My local newspaper recently wrote an article about Food Inc., the much-hyped movie that tries to give modern agriculture a black eye. I could not sit quietly by and wrote the following:
Four generations of my family have farmed in Miami County. My great-grandfather started our farming operation, my grandfather spent countless hours working the soil and now my father, uncle, husband, cousin and many dedicated employees continue the tradition today. I have personally been involved in agriculture for my entire life, from my days in 4-H and FFA, my farm broadcasting career to my current position in our wine and grape industry. Agriculture is my life’s calling and I am dedicated to producing food that is safe, abundant and affordable.
The movie Food Inc. has received much publicity and an appearance on The Oprah Show. People need to remember it is a single point of view. This movie was made to make money. Michael Pollan, who wrote the book The Omnivore’s Dilemma, on which the movie is based, is not a scientist or a nutritionist. Rather, he is a journalism professor who knows how to carefully manage his words for a big impact.
While the film does not attack farmers directly; it focuses its attention on agricultural and food companies. The movie does make some supportive comments about farmers and includes a sound recommendation that consumers should “know more” about your food. However, its inaccuracies attack modern farm practices. The modern food system is positioned as a corrupt, evil industry that is harming employees, animals, and consumers while using its power and influence to hide its business practices from view. These accusations are simply not true.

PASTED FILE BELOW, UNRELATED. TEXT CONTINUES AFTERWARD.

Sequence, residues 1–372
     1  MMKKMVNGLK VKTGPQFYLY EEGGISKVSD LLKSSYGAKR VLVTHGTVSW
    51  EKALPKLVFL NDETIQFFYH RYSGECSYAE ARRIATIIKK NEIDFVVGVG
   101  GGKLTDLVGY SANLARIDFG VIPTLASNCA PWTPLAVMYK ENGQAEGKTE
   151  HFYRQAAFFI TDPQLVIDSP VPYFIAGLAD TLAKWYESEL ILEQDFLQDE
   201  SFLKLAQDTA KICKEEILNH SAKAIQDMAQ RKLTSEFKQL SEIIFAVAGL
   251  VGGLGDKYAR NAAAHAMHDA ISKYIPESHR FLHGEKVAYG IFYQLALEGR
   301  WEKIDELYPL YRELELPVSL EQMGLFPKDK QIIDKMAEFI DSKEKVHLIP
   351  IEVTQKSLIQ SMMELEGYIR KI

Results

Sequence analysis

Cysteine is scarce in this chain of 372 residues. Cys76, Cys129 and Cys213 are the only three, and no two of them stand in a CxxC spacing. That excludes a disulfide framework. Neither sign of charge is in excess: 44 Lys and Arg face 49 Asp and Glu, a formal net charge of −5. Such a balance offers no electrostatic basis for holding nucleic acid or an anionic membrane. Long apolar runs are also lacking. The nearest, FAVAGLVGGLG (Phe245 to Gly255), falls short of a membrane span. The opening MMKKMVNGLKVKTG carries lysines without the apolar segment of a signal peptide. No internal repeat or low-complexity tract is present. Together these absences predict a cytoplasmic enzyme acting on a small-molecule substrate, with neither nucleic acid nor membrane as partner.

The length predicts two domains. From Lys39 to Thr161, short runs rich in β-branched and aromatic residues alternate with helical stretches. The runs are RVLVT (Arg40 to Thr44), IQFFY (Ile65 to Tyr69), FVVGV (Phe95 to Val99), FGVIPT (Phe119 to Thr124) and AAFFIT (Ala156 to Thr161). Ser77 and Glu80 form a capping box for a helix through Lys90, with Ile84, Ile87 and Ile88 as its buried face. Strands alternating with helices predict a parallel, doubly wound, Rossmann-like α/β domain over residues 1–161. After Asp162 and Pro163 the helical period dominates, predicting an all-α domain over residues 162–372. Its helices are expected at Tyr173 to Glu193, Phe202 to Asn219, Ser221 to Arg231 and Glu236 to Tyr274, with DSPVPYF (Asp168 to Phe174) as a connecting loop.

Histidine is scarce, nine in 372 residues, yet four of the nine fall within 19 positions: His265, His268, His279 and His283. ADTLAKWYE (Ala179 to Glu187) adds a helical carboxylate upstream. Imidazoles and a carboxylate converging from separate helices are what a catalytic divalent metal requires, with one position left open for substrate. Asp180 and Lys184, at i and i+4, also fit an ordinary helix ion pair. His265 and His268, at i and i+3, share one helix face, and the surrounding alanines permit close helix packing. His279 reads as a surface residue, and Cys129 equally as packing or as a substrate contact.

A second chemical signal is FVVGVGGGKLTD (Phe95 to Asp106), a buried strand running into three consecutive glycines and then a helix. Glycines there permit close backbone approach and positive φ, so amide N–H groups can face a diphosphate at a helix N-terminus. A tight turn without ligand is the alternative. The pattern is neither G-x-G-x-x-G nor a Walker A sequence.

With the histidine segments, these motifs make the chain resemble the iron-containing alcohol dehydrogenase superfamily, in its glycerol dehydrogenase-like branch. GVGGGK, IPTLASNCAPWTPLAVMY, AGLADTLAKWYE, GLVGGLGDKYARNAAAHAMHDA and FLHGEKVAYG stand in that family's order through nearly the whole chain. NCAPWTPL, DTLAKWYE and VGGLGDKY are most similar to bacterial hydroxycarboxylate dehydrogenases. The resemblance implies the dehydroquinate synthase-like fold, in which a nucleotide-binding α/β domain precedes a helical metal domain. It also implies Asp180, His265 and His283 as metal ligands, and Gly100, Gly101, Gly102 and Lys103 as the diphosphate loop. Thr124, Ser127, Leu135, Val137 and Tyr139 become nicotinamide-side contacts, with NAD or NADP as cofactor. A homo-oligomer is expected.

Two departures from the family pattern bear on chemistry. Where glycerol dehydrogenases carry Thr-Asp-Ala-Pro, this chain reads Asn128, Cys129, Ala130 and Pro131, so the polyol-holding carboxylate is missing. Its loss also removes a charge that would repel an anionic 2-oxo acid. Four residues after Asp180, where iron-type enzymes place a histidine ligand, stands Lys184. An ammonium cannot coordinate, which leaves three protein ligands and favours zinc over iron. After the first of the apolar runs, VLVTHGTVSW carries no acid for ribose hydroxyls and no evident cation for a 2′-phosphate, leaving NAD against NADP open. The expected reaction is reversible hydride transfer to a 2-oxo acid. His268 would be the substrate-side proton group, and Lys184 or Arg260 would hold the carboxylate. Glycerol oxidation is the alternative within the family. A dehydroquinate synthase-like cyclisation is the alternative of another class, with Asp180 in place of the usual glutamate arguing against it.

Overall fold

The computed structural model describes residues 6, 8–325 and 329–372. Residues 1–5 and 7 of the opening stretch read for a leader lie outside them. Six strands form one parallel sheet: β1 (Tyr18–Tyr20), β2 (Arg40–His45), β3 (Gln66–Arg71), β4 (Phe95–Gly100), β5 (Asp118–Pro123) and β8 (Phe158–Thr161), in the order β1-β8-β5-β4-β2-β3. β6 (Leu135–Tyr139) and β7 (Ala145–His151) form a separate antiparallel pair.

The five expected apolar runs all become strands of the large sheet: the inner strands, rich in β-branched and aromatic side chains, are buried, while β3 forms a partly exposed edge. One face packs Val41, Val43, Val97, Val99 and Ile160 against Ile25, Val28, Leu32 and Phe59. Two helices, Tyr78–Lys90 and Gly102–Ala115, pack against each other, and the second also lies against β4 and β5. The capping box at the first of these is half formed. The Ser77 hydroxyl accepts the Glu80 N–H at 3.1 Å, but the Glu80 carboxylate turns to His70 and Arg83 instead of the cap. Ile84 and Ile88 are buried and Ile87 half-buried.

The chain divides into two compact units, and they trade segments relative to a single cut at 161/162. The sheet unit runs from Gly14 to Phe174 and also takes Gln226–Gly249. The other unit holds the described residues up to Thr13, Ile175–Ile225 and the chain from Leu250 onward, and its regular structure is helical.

The movie implies that organic foods are less likely to contain e-coli or other contaminants. This is also false; the 2006 e-coli outbreak in California spinach was caused by an organic process.
As a producer, we have an ethical obligation to make sure the animals on our farm are well cared for. We would not be in business today if we didn’t provide our livestock a safe, healthy environment in which to grow. That is why our hogs live in climate-controlled buildings. This keeps them out of the harsh elements of winter and out of the path of predators.
I have always believed there is room for all types of agriculture. Whether it is organic or conventional, free-range or climate-controlled buildings, producers are free to farm in a manner that best serves their needs. However, if people like Pollan get their way, policy will be created that will force modern agriculture out of business and a growing population to go hungry. It is estimated by the year 2050, we will be feeding over 9 billion people across the world. We can’t feed all of them on organic practices. While there is room for people to enjoy locally-grown farm goods, economies of scale demand that American farmers feed billions of hungry mouths a year.
Agriculture is the lifeblood of many rural communities across Indiana. Farms dot the landscape wherever you travel in Miami County. Rural communities help maintain a viable economy by creating jobs, supporting local businesses and contributing to the tax base.
Over 96% of all farms in America are family farms, which can be large, small, or somewhere in between. I understand that contemporary agriculture doesn’t look like it did in the past. The farm my great-grandfather started doesn’t look like the farm we have today. But we’re not unlike many other industries that have had to become more efficient to survive. The production practices we use are ethically grounded, scientifically verified, and economically viable. They allow us to meet the growing demand for food. My family is proud to help feed the world.